The government should replace its “deeply flawed and inaccurate” disability benefits assessments with an in-house system – based on the social model – that understands the barriers faced by Deaf and disabled people, according to a disabled people’s organisation.
Inclusion London said the government’s Improving Lives green paper on work, health and disability had missed the chance to base its social security policy on a social model approach and move away from one based on the “discredited” biopsychosocial model.
In its response to the government’s consultation on its green paper, Inclusion London calls on ministers to replace the assessment processes for both employment and support allowance (ESA) and personal independence payment (PIP).
It warns that Deaf and disabled people will be moved further from employment because of the green paper’s failure to reform the “failing” assessment systems, and reverse the imminent cuts to payments to new ESA claimants placed in the work-related activity group (WRAG).
It calls on the government to halt its plans to cut the WRAG payments – due to be implemented next month – and instead carry out an independent review to assess what the impact of the cuts will be, including increased costs to the NHS and social care.
Otherwise, it warns, there is “a strong danger that serious harm could be done to disabled people and their families”.
Inclusion London says the green paper implies that if disabled people “are encouraged to think more positively about work and nudged to change their behaviour they will be able to successfully find and stay in employment, regardless of the effects of living with their impairment”.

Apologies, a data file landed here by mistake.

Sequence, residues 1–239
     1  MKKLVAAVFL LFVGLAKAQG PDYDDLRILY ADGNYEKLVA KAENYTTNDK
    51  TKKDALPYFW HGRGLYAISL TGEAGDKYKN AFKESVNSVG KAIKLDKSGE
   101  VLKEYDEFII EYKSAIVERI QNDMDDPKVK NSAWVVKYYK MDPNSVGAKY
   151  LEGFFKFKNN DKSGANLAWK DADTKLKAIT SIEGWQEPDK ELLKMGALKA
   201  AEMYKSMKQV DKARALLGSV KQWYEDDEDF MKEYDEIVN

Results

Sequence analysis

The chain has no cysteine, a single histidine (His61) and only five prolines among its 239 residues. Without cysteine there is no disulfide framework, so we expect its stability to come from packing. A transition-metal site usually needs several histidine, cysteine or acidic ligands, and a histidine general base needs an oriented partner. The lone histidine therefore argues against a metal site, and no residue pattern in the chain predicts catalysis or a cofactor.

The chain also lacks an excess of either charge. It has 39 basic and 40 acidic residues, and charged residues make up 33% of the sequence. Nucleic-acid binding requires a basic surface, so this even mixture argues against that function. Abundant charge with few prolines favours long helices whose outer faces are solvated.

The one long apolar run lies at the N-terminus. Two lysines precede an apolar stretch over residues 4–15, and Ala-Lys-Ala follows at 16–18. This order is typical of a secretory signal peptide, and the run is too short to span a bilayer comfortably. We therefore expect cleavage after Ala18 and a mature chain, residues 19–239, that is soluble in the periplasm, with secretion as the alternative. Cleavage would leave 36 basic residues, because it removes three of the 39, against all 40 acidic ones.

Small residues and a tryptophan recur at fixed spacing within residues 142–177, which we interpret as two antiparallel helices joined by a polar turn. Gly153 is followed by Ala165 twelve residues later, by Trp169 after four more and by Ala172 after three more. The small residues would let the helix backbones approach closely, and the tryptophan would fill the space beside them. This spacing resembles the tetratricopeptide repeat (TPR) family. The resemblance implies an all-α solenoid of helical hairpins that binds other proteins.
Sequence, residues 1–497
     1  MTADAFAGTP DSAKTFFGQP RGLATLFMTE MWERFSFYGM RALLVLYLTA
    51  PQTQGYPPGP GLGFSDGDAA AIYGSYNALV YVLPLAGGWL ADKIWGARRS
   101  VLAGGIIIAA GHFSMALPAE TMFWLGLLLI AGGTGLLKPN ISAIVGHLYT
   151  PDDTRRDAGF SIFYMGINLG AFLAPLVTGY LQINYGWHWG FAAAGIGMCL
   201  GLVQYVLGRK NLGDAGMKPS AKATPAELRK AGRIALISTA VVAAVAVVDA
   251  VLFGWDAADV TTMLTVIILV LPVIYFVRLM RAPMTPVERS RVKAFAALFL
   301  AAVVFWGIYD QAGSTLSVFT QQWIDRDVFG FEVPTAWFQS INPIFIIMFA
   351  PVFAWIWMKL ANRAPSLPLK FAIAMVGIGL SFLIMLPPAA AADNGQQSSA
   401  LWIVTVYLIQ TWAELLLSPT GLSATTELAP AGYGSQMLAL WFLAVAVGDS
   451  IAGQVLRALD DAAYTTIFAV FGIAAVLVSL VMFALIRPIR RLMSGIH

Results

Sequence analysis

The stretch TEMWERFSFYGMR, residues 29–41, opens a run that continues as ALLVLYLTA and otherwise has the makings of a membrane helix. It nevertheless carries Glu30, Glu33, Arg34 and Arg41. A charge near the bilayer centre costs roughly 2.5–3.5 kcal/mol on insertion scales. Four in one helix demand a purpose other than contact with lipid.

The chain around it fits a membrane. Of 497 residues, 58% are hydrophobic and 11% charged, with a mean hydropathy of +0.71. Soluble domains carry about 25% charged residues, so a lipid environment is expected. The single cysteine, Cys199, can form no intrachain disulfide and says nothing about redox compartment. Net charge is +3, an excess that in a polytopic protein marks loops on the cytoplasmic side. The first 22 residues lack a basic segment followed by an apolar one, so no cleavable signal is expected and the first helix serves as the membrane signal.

But by “overplaying the effectiveness of coercive approaches”, it says, the government’s biopsychosocial approach will move Deaf and disabled people further from the labour market, and cause “considerable and unnecessary suffering”.
And it warns that continuing to target policy on cutting social security spending, regardless of the needs of Deaf and disabled people, will “ultimately waste resources while retrogressing our rights”.
It says the government has “overlooked” the “substantive” barriers to work caused by the lack of independent living support, cuts to mental health services, and “damaging” changes to the Access to Work (AtW) scheme, which have seen “a focus on reducing support”, hostile advisers and a new cap on high-cost packages.
It also warns that the failure to address the social care funding crisis – including the ongoing impact of the closure of the Independent Living Fund – will “unquestionably” lead to the government missing its target of halving the disability employment gap.
Among its recommendations is for the government to set up an independent living taskforce that would develop proposals for a national system of support that was independent of local authorities.
It calls for ministers to reverse the tightening of the eligibility criteria for the mobility component of PIP, which they cut from 50 metres to 20 metres.
And it calls on the Department for Work and Pensions to expand AtW, allowing it to be used by those carrying out voluntary work, and reverse the changes that have “undermined [its]effectiveness”.
Inclusion London also says it is “extremely concerned” about the “damaging effects of linking therapeutic interventions and treatment to employment outcomes”.
It says that both mental health professionals and service-users “have been vocal in their concerns about the dangers of co-locating job/work coaches in health or mental health treatment settings”, with the fear that disabled people will avoid seeking the treatment they need because of their fear of benefit cuts.
It also urges the government to scrap all benefits sanctions, or at least provide an exemption for all disabled people.
It provides 12 case studies from one of its member organisations of disabled people whose mental health has been harmed by discriminatory sanctions, or threats of sanctions, linked to being forced to use DWP’s Universal Jobmatch online job-searching service.
Instead of backing away from such sanctions, the green paper now threatens to impose “mandatory” requirements on those in the ESA support group.
Inclusion London says that any participation in work-focused activity offered to claimants in the support group “must be strictly voluntary”.